The most popular collectors today are the cyclone design. They use a large, radial, pressure fan mounted on top of a swirl seperation chamber. Heavier particles drop into a collection canister, fine particles continue to a cartridge filter (or filters). Oneida offers parts, complete systems, & a free design service (hoping you'll buy their system ) http://www.oneida-air.com/ They've been around for a long time and are well respected in small shop dust collection. Take a look at their Pro 1500 System ($1433) or the Pro 2000 ($1703) - be sure to tell the applications engineer thay you're collecting G10 & Carbon Fiber.

    You may well be able to get a high efficiency system for under $2000, including ductwork, if you do the installation (which is not rocket science). As long as you pay close attention to every inch of the system, from inlet to filter, you should end up with a system that gives near 100% capture.

    ----------------------
    Barry Milton

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    Go to http://www.oneida-air.com/ I have two friends with the 2HP model and the systems work VERY well. I will be installing one of their 2 HP systems when time will allow. Price is not that bad for the quality, which is very good.

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    Barry,

    Can straight PVC work instead of galvanized duct work? It would only be about a 25' shot from the mill to the vaccuum unit. And if that Loc-Line system is only 2.5" dia., I wouldn't needs a ductwork system any bigger than that to take the dust away. Or would I?

    I really want to do that Loc-Line hosing (even with it's pressure drop) because it seems to be a more realistic means for positioning and getting the hose up and out of the way when I don't need it.

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    Can straight PVC work instead of galvanized duct work?
    It can work, but it's far from ideal. I had 4" PVC ducting in my last shop, similar length run to yours. Static charges will build up in a PVC system, which means running a bare copper ground wire inside the piping - without the ground you'll certainly get some shocks & you'll possibly have an explosion. Google 'pvc dust collector' for lots of posts on the hazards.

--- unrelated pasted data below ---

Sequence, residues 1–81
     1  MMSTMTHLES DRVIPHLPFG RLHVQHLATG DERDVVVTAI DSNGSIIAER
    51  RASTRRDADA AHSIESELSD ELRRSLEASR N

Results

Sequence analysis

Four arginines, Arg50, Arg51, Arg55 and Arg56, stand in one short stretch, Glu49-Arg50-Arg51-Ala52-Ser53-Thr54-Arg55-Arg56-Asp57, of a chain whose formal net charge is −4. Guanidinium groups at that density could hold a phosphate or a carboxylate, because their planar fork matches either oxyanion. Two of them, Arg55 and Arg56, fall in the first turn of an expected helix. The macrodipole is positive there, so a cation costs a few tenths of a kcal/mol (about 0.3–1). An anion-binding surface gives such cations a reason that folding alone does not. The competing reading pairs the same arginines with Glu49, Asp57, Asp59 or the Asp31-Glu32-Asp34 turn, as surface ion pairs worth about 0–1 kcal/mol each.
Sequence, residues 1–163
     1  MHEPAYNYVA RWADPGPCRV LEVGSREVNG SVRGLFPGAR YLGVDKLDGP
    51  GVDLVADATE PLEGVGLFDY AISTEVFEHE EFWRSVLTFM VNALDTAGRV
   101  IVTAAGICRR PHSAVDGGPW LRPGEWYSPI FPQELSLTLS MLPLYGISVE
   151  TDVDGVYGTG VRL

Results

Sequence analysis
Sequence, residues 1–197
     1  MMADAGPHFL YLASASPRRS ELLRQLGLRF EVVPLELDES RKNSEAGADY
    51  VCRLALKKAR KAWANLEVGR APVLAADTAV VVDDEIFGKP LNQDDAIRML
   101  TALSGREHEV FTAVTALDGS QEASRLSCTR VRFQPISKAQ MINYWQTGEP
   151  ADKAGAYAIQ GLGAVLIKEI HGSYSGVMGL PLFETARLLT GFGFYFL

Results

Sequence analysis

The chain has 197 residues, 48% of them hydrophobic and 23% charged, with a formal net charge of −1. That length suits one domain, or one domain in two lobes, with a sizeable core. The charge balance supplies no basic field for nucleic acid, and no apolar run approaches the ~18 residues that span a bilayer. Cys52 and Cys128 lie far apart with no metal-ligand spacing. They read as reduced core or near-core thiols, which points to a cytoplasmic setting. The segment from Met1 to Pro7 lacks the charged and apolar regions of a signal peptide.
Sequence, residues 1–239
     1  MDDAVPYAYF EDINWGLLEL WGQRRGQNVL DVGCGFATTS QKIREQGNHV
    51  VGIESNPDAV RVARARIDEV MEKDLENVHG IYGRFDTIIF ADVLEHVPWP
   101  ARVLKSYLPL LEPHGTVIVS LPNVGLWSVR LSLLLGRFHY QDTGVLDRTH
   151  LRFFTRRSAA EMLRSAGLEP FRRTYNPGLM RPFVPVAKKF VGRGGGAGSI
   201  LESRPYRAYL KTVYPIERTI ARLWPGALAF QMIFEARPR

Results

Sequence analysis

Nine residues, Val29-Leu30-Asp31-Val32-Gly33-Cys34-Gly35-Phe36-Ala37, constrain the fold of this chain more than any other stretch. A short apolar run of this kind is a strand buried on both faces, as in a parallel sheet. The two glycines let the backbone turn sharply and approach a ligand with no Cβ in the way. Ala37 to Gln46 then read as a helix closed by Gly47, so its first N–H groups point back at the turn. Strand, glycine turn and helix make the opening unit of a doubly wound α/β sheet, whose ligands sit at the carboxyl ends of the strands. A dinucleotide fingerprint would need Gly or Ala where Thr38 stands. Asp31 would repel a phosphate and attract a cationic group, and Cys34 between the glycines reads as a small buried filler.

PVC piping is much harder to open up when you get a clogged pipe, and sooner or later that will happen. With metal, remove four flange bolts, clear the jam, all done. With PVC, the battle begins

    Metal corner joints (45*, 90*, Y, etc.) are available in a wide range of sizes, radius length, etc. PVC is limited.

    ...if that Loc-Line system is only 2.5" dia., I wouldn't need a ductwork system any bigger than that to take the dust away. Or would I?
    The size of the dust pickup has almost nothing to do with the size of the ductwork, except that it must be large enough that the collector is not starved for air. The reason most ducting is 4" or 5" (or larger) is because there is almost zero flow next to the inside wall of the pipe - engineers call this the boundary layer effect. It applies to all moving fluids, including air. Putting a 2.5" duct on a large collector will result in flow so low that material will settle out in the duct. I don't believe Oneida or any other manufacturer will adivse sizing below 4" - Delta recommended 5" minimum when I installed my first system.

    You might want to use a short piece of 4" or 5" flex hose for the short drop from the ductwork to the collection inlet. Flex has high frictional losses, so keep the length as short as possible. When finished with the G10 or Carbon, you could remove the flex (if it's held on with a band clamp) and the machine would be free for other jobs.

    -----------------------------
    Barry Milton

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    Now and then you'll find a fairly new dust collector on ebay, and they go for about 15-20% of retail. Cleanup can be a chore though (just did this on a Torit).

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    A few years ago we did a search for companies that make dust collection systems. It is online at http://www.carbideprocessors.com/Coolant/book/24.htm The ones that are really good for free information are labeled that way.

    When I bought the new building I got a lot of help from the State of Washington on making it both safe and legal plus the guy, Pat Mahaney, was really good at telling me what I did and didn't need.

    Tom

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    fyi, avoid flexble ducts, the are like a 90% restriction to your air flow. If you use PVC pipe, be sure to run a grounding wire through it to ground the static.